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June Strategy Meeting: With rate cuts on the horizon, be careful what you wish for

by Rob Cloete

Regional monetary policy, prospects for future easing and the potential for divergent interest rate paths continue to dominate headlines and influence investor positioning. The Eurozone’s widely anticipated June rate cut unusually stole the march on the Federal Reserve, with policymakers willing to risk the adverse ramifications of a strong Dollar for the sake of averting a recession amidst lacklustre economic data. As attention turns stateside, the future path remains unclear, and further complicated by the upcoming elections and inclination for the Federal Reserve to remain unbiased. Meanwhile, the ‘risk on’ (short volatility) environment that’s been in place largely uninterrupted since October 2022 has contributed to lofty valuations across both equities and credit. This note seeks to determine whether hopes pinned on future easing to further drive valuations may be misplaced.



Figure 1 above reflects the relationship between the nominal 10-year treasury yield (coral line) and the policy rate. The vertical dotted lines illustrate that, the market being a future discounting mechanism, treasury yields typically peak during rate hike cycles (light blue bars) and prior to cycle peaks (grey bars). The Federal Reserve paused hikes in the current cycle in August 2023. Should the current level prove to be the cycle peak, then the ‘top may be in’ for treasury yields in this cycle. We remain constructive on duration and are positioned accordingly, not least due to the asymmetric prospective returns from convexity. A rate cut of 100 bps would result in a 12% appreciation in the 10-year treasury, while an equivalent rate rise would cause just a 3% decline. Elsewhere, while nominal yields on credit are optically attractive, with the US High Yield Index for example offering a yield to maturity approaching 700 bps, the spread over government paper is negligible at around 300bps (and near the bottom of the 300-900bps range since 2010 and some 200bps below the average over that period). Refinancing costs have declined, and the maturity schedule provides flexibility, but risk-adjusted compensation remains inadequate.


Figure 2 below shows that, contrary to popular opinion, a rate cutting environment may not support equities: rate cutting cycles have historically regularly preceded earnings recessions. The coral line reflects the S&P 500 earnings per share declines that have typically occurred during rate cycle ‘pauses’ (grey bars) and before rate cuts begin. With equity valuations currently elevated (a forward PE ratio of 21x, from which subsequent annualised ten-year returns have been paltry, ranging from 0% to 5% in data going back to 1988), the stakes are high. With multiples having expanded to the point that the risk premium over ‘safer’ investment grade credit is now negative, we maintain our view that earnings will need to do the heavy lifting if major equity indices are to continue their upward trajectory. On this front, there is cause for optimism, with FactSet consensus forecasts anticipating double digit earnings growth in each of the next two years (11% in 2024 and 14% in 20251). While constructive and selective with our equity allocation, we remain cautious, and conscious that stock markets have tended to peak in anticipation of rate cutting cycles (and not during them). Further, equity indices decline in advance of earnings declines, so we remain attuned to changes in earnings expectations as a warning signal that the prevailing ‘risk on’ environment – particularly in the more momentum driven pockets – may be about to turn.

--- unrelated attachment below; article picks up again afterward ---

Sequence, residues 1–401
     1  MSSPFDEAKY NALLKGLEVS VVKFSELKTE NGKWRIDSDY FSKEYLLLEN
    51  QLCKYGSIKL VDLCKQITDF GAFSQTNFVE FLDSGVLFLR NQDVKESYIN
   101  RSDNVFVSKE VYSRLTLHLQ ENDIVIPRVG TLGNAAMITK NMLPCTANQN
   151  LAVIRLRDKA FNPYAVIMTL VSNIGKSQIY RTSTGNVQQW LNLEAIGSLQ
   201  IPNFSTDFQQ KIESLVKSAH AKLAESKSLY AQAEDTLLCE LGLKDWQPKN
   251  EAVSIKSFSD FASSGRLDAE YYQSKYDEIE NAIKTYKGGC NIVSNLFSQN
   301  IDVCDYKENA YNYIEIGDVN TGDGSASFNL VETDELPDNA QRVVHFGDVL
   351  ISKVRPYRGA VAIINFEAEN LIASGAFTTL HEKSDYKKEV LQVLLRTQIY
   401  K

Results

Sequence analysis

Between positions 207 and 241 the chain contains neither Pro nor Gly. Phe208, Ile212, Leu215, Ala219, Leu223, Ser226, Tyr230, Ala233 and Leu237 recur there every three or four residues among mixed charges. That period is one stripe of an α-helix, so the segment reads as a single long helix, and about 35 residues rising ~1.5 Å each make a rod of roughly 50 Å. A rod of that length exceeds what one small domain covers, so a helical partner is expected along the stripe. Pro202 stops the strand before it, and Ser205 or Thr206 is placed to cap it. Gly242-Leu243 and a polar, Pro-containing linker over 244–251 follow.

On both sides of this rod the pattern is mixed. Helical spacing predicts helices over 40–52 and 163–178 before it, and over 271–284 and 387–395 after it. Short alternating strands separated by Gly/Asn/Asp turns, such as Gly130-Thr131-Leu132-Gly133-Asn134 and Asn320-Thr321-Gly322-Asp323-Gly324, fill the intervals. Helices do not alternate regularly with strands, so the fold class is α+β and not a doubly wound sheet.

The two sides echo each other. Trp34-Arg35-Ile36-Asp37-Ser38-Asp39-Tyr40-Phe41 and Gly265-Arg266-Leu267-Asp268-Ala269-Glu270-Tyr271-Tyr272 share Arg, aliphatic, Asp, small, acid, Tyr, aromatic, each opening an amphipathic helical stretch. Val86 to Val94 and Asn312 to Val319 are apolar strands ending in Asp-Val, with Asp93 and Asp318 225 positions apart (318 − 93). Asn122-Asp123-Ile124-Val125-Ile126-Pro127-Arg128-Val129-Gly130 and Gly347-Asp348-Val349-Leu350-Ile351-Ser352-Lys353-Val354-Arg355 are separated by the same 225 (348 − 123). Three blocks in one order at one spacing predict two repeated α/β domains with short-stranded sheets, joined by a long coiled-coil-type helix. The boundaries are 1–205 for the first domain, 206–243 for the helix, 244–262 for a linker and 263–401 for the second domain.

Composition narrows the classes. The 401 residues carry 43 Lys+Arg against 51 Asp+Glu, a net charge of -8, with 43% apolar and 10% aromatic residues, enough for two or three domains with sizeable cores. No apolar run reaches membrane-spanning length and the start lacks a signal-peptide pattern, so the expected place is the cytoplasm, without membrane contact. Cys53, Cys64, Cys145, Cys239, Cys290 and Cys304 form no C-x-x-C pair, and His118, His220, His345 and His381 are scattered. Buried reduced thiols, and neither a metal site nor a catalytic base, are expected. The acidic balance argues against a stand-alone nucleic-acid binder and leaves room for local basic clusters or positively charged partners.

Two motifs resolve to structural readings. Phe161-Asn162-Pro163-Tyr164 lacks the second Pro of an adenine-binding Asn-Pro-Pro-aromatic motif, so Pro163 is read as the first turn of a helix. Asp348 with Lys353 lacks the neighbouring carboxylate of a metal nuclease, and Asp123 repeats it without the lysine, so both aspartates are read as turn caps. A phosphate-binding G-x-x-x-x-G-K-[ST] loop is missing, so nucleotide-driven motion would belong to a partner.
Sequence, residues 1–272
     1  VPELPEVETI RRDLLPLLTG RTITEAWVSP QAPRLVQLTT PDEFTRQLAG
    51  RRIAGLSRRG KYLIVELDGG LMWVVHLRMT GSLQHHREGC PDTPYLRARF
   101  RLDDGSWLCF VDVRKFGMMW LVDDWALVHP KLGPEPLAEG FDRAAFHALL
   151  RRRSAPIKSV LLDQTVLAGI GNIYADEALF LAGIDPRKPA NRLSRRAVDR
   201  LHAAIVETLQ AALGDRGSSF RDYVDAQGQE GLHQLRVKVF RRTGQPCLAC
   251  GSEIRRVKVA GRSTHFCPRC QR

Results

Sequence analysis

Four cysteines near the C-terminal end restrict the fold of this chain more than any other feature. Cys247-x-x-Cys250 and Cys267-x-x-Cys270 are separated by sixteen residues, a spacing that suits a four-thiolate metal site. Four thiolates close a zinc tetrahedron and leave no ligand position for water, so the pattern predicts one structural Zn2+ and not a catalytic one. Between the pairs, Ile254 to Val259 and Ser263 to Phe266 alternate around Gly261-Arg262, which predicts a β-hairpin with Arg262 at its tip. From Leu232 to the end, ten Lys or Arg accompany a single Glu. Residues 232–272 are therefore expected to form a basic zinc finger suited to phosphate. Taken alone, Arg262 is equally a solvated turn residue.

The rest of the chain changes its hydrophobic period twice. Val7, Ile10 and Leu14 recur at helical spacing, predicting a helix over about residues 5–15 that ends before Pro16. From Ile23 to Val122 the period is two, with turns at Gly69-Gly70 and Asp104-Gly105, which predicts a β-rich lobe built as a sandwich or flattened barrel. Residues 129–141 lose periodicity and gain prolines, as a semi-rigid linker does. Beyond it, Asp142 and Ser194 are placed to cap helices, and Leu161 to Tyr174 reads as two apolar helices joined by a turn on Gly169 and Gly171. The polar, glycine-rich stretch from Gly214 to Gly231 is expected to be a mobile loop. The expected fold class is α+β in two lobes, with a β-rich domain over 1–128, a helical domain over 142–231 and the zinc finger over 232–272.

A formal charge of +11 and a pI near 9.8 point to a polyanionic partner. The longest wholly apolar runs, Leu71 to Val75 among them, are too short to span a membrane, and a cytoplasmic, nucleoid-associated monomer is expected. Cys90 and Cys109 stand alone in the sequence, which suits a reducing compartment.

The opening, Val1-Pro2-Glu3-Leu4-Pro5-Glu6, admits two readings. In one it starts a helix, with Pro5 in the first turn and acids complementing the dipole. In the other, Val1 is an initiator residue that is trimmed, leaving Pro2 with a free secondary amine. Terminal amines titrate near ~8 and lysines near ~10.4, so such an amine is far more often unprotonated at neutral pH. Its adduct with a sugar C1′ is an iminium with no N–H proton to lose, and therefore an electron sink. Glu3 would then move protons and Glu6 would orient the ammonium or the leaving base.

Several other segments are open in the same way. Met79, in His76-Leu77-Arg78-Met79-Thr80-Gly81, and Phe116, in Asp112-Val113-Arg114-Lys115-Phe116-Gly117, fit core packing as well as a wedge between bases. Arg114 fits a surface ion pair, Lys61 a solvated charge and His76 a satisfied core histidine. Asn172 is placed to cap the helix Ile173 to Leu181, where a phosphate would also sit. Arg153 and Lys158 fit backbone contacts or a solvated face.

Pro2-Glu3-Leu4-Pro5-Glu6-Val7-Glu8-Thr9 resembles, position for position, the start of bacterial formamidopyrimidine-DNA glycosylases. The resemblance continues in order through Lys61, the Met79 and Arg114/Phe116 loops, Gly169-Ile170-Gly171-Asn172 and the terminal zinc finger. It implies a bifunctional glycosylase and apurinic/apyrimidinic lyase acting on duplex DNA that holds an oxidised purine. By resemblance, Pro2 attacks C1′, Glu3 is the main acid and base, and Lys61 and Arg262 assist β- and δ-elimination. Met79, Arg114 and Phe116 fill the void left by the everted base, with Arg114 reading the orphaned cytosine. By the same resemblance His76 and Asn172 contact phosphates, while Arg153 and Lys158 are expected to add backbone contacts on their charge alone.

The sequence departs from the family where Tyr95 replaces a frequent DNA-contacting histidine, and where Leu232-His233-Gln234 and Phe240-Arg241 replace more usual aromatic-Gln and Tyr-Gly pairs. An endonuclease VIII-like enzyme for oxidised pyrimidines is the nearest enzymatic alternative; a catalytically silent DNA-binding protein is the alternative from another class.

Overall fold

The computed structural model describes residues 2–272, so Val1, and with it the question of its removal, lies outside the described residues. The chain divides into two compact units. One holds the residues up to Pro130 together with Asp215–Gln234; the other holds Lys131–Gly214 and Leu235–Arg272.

Going forward, while wary of index levels and valuations, we continue to apply our bottom-up approach and valuation discipline to equity selection, exploiting the risk budget that safer allocations elsewhere (to government bonds, gold, and diversifying alternative funds exposures) permits us.






1 Butters, J. (21 June 2024). FactSet Earnings Insight. [online].

Available at: https://www.factset.com/earningsinsight

2 Federal Reserve Bank of St. Louis. ICE BofA US High Yield Index Option-Adjusted Spread.  [online].

Available at: https://fred.stlouisfed.org/series/BAMLH0A0HYM2


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